The Explorographer

8 Awesome “Abandoned” Locations Anyone Can and Must Visit

I visit a lot of locations that you cannot just jump in the family truckster and check out.  But, there are some that you can, and should!  While not abandoned in the traditional sense, all of these locations were once abandoned and have now been converted into tourist attractions to help preserve the properties.  The one thing that sets these locations apart from other attractions is that in one way or another the caretakers have preserved the decay of the site which makes for some above average photography opportunities that should put them squarely at the top of your bucket list.


1. Eastern State Penitentiary ~ Philadelphia, PA

Located in the heart of Philly, this institution is most noted for being the home of Al Capone. Rich with history, you cannot but wonder the stories that these crumbling walls could tell. Free roaming and guided tours are available 7 days a week, cameras and tripods encouraged. For more information visit:

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2. Boldt Castle ~ Alexandria Bay, NY

Nestled on Heart Island in the middle of Alexandria bay is the Castle Boldt. Construction began in 1900 but never completed, this castle sat abandoned for over 70 years. Many of the locals will tell you the castle is haunted, but during my visits there I have never experienced anything. The Thousand Islands Bridge Authority (TIBA) took over the property and has been “completing” Boldt’s vision for many years. While most of the castle and island have been completely refurbished, open access to the 3rd and 4th floors show the castle left in its decayed state, including thousands of signatures and artwork left by visitors during the castles abandonment. Learn more at:

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3. Eldorado Canyon Gold Mine ~ Nelsen/Searchlight, NV

Lost in the desert in the middle of nowhere, Nevada is the tiny mining town of Techatticup. Famous for music videos, photoshoots and a little scene in 3000 Miles to Graceland where a gas station goes up in a fireball. Still thriving as a secret tourist spot this ghost town is home to the most amazing stuff on earth! Free roaming of parts of the site and guided tours of a REAL gold mine daily! For more info check out:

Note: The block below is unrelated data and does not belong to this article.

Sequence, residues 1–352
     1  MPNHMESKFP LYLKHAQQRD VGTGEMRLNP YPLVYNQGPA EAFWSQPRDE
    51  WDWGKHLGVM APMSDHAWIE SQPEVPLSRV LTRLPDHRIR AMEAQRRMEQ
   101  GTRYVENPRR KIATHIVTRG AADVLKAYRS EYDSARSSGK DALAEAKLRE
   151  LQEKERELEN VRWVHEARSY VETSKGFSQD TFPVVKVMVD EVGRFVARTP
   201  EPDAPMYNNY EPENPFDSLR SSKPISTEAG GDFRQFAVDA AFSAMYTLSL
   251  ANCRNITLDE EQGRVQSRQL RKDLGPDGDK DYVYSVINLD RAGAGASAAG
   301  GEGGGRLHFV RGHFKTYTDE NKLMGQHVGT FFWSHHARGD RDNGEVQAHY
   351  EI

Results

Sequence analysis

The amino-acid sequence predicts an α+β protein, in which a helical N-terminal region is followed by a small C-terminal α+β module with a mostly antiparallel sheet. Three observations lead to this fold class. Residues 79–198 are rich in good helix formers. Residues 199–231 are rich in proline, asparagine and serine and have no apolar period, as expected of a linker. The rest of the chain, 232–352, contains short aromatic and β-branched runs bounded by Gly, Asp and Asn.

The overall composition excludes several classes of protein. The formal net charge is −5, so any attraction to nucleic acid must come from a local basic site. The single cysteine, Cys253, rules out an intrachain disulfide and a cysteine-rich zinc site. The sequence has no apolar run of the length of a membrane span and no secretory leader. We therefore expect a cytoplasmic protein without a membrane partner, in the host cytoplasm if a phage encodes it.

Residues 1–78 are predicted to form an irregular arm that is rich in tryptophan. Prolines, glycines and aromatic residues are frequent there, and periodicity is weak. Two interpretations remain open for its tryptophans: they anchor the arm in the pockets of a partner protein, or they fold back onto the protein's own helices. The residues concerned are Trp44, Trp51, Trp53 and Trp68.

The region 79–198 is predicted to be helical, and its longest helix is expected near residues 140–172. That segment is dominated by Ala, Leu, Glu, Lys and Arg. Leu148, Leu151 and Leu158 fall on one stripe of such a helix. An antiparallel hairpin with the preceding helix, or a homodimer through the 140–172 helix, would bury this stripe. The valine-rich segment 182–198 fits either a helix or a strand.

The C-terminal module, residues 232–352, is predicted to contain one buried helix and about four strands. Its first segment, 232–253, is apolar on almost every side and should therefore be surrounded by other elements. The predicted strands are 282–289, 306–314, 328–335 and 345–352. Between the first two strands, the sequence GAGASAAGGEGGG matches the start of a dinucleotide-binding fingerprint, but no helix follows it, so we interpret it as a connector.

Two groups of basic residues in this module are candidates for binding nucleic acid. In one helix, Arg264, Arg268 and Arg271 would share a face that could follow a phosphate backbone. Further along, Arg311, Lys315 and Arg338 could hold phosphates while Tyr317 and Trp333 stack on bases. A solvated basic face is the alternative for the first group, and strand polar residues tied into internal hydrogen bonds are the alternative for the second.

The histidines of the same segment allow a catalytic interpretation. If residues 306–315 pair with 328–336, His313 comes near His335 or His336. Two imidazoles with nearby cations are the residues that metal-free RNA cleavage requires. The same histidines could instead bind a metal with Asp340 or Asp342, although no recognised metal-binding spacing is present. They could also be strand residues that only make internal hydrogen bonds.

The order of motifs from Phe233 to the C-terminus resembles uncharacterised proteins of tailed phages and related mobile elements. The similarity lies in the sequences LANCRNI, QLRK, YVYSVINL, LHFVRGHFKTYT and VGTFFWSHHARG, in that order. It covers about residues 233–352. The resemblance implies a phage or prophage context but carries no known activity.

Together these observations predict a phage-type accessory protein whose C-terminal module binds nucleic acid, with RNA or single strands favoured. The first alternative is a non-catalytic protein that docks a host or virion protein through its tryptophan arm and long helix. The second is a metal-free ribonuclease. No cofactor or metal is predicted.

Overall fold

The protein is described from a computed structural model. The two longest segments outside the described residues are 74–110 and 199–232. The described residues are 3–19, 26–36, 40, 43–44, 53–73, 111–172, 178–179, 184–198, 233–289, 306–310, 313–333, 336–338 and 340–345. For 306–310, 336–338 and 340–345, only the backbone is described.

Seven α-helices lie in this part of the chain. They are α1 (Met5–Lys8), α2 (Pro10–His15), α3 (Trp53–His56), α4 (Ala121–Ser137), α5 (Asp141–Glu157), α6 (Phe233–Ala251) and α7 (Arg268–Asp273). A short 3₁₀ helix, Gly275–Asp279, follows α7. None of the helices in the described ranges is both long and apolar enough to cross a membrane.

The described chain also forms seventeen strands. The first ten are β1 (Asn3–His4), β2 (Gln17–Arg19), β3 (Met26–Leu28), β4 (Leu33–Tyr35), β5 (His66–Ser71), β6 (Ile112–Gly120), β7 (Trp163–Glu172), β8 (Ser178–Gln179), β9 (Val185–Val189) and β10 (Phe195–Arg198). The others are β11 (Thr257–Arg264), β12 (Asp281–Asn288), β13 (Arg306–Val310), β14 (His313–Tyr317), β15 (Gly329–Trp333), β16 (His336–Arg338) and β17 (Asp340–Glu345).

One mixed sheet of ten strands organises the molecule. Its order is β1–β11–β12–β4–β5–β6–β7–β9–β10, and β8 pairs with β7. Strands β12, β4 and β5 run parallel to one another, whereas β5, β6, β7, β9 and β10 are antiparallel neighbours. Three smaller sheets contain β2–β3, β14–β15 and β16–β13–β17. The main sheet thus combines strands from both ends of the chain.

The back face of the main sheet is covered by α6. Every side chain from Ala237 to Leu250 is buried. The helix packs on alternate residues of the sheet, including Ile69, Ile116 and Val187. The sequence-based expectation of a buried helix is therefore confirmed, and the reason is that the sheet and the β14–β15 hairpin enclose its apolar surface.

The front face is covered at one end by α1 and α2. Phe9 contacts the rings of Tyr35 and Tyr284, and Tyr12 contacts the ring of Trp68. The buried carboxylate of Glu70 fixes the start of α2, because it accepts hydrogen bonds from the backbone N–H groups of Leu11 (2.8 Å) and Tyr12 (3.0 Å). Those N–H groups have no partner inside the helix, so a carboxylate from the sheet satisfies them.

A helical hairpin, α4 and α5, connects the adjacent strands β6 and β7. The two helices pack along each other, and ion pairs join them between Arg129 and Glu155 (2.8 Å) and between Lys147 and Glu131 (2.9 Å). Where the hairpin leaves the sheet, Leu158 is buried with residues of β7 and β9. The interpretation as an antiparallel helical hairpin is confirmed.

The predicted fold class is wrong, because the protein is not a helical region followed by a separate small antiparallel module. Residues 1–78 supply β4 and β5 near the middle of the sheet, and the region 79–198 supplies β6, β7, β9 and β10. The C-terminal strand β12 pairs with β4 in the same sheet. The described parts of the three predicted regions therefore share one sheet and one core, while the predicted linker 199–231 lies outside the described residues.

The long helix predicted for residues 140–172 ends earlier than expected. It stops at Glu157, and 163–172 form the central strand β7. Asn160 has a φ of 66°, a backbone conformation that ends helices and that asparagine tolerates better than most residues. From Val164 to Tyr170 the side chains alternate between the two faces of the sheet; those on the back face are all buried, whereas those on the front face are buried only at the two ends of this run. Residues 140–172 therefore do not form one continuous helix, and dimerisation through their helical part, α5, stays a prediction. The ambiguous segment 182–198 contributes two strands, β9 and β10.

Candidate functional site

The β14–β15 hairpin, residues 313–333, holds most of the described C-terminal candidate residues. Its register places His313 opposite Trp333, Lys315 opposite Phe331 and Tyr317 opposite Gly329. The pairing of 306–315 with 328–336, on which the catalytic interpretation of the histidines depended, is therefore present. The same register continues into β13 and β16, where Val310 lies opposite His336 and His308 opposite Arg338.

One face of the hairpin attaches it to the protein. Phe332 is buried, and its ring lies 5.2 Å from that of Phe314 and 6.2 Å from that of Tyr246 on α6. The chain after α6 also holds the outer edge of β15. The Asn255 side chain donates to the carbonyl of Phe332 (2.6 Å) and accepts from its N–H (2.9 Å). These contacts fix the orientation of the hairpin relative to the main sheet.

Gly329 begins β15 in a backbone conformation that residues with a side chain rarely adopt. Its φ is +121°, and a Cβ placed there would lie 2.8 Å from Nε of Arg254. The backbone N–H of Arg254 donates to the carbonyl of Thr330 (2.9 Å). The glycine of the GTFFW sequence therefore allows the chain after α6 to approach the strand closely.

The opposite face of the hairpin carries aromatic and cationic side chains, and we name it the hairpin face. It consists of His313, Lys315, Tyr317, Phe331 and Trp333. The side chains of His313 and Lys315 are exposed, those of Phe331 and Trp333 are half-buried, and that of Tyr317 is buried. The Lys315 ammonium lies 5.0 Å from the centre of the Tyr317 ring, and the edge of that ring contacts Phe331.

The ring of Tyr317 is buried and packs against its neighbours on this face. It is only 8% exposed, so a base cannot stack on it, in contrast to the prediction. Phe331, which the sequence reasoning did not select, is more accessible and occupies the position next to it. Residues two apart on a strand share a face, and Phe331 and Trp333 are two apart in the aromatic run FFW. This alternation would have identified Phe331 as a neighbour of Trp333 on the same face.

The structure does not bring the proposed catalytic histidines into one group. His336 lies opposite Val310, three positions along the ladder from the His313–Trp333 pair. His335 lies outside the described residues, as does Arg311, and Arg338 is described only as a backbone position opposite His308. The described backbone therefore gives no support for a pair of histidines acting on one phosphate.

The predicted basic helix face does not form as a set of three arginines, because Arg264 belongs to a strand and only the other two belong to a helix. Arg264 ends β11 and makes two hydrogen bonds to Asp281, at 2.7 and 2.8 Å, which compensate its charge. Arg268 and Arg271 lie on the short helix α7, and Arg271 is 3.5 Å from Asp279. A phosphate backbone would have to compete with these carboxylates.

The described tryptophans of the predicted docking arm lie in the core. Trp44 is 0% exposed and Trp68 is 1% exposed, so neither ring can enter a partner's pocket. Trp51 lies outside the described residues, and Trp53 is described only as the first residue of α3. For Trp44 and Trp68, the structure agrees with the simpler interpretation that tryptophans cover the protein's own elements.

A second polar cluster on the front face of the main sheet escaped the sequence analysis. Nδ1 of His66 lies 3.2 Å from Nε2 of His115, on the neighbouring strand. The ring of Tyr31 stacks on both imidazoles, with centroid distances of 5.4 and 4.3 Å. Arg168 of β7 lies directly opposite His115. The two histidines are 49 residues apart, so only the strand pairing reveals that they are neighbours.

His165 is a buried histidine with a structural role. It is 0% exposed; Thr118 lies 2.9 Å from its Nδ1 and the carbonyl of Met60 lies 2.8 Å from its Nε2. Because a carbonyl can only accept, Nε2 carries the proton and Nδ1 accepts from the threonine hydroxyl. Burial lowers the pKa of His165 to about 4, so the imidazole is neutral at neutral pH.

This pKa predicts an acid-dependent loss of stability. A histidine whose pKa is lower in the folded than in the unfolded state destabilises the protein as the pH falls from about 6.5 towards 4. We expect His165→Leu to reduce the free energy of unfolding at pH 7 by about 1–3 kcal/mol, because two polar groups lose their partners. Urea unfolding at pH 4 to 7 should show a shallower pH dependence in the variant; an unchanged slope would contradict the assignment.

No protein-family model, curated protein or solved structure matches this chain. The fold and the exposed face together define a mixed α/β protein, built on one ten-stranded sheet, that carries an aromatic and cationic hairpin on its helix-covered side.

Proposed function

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4. Singer Castle ~ Dark Island, NY

Loaded with secret passages, knights armor, and antiques from a bygone era, Singer Castle awaits. Built between 1905 and 1960, Singer castle would be home of self made millionaire Frederick Gilbert Bourne who was famous for being the Director and President of the Singer Sewing Machine Company at young age of 36. Tours are guided. Overnight stays are available. For more information visit:

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5. Lonaconing Silk Mill ~ Lonaconing, MD

The Lonaconing Silk Mill is located in Lonaconing, Maryland and has sat unused since 1957. It sat unused, but secure, until the 1970s when a private citizen bought it with hopes of restoring it and opening it to the public as a museum. Free roaming tours of the entire mill are available by request. This is the last intact silk mill in the US. If you would like to know more email Kathleen Erkert, a member of George’s Creek Promotion Council @ [email protected] and ask how you can help.

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6. Hollywood Theater ~ Gowanda, NY

Registered as a New York and national historic landmark, the Hollywood Theater is recognized as a architectural treasure in need of restoration. Every year the site hosts “Hollywood Happening”, an event to raise funds to save the site. Along with music, food, and more, the theater opens it’s doors to the public. To find out more about the event and how you can see the theater check out:

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7. Austin Dam ~ Austin, PA

Nestled in a narrow valley and along the winding stream of Freeman Run is the ruins of the Austin Dam. In 1911 the dam broke and water engulfed much of the town of Austin and claimed over 78 lives. Today the ruins of the failed dam sit preserved in a natural park. You can visit anytime but the summer and fall are recommended. For more information visit:

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8. Cascade Mill Ruins ~ Penn Yan, NY

In the 8 miles stretching between Keuka and Seneca Lakes in upstate New York the creek drops approximately 270 feet. This natural water flow made it prime lands for powering all sorts of mills. Today there is a maintained trail the entire 8 miles with many of the mill ruins, equipment, dams and waterfalls still standing making it a truly unique hiking, kayaking, and photographic experience. To learn more check out:

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Explore. Photograph. Write. Repeat.

A multi-award winning travel photographer and mentor. Most known for his "abandonscape" images. Creator and curator of and

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